Most large recreational vehicles exceed 12 feet in height, so a garage for a large RV needs to be tall and wide. Schweiss Doors has handled many requests for bifold doors to fit these needs, sometimes designing a door that appears to be half its height to get around local zoning restrictions.
In North Oaks, Minn., a suburb of St. Paul, Jay and Kathy Hare were dealing with zoning restrictions that prevented them from constructing a garage for their RV. With the assistance of Schweiss Doors, they were able to work around the restrictions. The solution: a 12-foot by 16-foot bifold autolatch liftstrap door with a remote opener and photo eye sensors. The door offers a 14-foot opening and, just as importantly, the outward appearance of a door 8 feet tall.
Schweiss Doors features many stories on its “Must See Photo” bifold door website. While conducting online research for solutions to their zoning restriction issues, the Hares discovered a unique bifold RV door in Lynden, Wash., designed to address uniformity code zoning restrictions. They decided to travel to Washington for a closer look.
“We were actually out in Seattle visiting friends and went out and saw Herb Korthius,” says Jay Hare. “He was quite open to giving us a tour of the garage and a demonstration. Armed with additional photos and a video, we went back to our builder and with very similar restrictions as Herb had, we were able to get it approved by an architectural review committee … a picture is worth a thousand words and a video is worth a million!”
RVing is a big part of the Hares’ life. They’ve visited the 48 states in their 2006 Mountain Aire RV.
“We used an uninsulated garage door to clad the bottom (outdoor) half of the door and LP Smart Siding on the upper half with insulation in the middle of it and then used a plywood backing to sandwich it in on the inside and then painted it white,” Hare says. “Schweiss Doors has so many different applications on its website. We essentially copied Herb Korthius, with his permission and input. Having that story and picture and the owner willing to share his story with us really helped us come up with what we needed to do with our house. The website offers a real service for people looking for unique ideas for openings.”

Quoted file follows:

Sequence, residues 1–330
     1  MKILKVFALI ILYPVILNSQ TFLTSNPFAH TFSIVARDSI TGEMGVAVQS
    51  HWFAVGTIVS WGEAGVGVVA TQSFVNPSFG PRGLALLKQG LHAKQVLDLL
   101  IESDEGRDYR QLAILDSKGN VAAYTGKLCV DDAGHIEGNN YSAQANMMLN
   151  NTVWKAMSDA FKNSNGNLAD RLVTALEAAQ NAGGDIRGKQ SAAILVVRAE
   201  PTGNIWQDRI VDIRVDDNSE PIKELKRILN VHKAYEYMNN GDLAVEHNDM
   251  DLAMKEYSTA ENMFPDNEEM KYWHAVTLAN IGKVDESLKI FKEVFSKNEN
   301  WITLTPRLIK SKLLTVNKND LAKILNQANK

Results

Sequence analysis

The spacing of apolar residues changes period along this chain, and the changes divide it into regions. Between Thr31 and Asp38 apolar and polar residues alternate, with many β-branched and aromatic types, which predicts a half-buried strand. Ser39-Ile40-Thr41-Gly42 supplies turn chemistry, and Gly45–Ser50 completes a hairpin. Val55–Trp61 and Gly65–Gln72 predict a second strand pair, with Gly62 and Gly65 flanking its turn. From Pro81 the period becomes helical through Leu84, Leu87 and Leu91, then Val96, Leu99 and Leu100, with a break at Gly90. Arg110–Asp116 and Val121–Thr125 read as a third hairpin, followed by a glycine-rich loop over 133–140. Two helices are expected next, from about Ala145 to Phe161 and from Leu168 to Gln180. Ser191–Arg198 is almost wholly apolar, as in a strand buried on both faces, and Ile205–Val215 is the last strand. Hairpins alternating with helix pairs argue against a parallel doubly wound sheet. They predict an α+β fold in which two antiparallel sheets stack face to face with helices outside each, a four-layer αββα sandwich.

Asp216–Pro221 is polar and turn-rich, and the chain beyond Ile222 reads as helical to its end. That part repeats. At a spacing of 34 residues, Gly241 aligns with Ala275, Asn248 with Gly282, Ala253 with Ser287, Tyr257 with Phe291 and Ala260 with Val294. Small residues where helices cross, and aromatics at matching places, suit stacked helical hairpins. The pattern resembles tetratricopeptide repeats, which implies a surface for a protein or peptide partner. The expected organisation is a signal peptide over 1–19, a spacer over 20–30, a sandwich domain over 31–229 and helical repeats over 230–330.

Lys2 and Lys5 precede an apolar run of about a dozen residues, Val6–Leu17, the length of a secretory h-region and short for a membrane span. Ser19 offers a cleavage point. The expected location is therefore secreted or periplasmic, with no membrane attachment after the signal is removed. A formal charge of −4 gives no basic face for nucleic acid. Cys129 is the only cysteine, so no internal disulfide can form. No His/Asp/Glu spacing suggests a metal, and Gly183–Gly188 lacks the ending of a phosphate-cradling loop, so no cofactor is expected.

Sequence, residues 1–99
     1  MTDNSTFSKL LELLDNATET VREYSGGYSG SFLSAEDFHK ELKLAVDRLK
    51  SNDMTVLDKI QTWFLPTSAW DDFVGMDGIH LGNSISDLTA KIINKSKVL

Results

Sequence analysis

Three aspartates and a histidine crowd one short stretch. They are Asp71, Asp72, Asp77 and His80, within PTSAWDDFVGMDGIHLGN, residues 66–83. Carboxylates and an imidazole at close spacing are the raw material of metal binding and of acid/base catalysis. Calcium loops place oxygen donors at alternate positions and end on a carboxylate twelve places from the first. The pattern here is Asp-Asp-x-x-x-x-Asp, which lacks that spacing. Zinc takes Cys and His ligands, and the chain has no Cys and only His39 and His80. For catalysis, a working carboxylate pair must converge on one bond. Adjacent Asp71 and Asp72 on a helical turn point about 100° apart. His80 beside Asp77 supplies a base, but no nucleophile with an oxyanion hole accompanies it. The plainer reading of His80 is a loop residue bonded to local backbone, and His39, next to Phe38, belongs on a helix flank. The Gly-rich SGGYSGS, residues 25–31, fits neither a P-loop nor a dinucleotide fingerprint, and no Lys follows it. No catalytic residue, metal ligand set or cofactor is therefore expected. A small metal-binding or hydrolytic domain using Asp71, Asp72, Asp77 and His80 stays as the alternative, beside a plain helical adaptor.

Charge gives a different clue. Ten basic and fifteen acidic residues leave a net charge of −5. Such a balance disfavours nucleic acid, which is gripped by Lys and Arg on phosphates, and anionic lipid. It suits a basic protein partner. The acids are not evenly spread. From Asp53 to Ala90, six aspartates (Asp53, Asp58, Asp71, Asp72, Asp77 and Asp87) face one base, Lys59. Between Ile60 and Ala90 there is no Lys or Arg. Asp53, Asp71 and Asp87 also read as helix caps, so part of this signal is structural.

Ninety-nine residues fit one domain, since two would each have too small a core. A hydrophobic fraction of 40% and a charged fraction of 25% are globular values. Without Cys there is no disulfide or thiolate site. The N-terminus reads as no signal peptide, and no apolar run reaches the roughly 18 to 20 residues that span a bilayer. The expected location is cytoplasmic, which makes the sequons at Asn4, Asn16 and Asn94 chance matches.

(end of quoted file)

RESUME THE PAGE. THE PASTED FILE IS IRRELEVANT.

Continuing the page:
Hare says RV owners are faced with the options of placing their expensive coaches in storage or leaving them outside, because of zoning restrictions. Prior to building his home and garage, Hare says he stored his RV in a garage two hours away. It’s much more convenient to have it at home, available for staging and servicing.
“I like the strength and durability of the door and what looks like a car garage door that opens and folds in half to make room for the RV,” Hare says. “We have all the conveniences of a regular door. The remote feature lets us pull up, hit the button, back in, just like parking a car. Without the Schweiss door, we wouldn’t have been able to build it. To tell you the truth, we kind of built the house around the rest of the garage. The door is high quality and should hold up for many years.”
Hare offered up several tips for homeowners undergoing a similar project, including considering the location of the RV mirrors where they enter the garage. The automatic latches reduce the width of the door at their location, but can be installed at a height to accommodate the mirrors. He suggests working closely with the builder to get the sightings and roof lines to work together and how to “beef up” the building to handle the weight of the door.
Bud Dropps, owner and president of Accent Homes Inc. of Ham Lake, Minn., said building a garage for this bifold door required some planning. “Our main challenge was when Jay first came to me saying he wanted to put an RV garage in the association-maintained exclusive area of North Oaks,” Dropps says. “I said there’s very little chance we’ll ever get that passed through the architectural committee. I was able to talk to another builder in Washington State that had done about the same thing.”
Dropps said the very large opening caught the attention of other residents during the construction process, but once the Schweiss door was installed and the false garage door was applied to the exterior along with the siding, it now looks like a regular garage door.
“Once I had pictures and video of how it actually worked, then it passed the architectural committee,” Dropps says. “It’s all about the façade out there, it has to look right. It was fun, it was challenging. I’ve been building houses and RV garages for 40 years and have never done anything that remotely resembled that. All in all, it turned out great. They love it and I think the door is awesome.”
Dropps says it also was helpful to obtain drawings from Schweiss Doors. He consulted an engineer who recommended using steel to ensure the building’s structural design would be capable of handling all the imposed loads that the door exerts on the door header, endwall and building.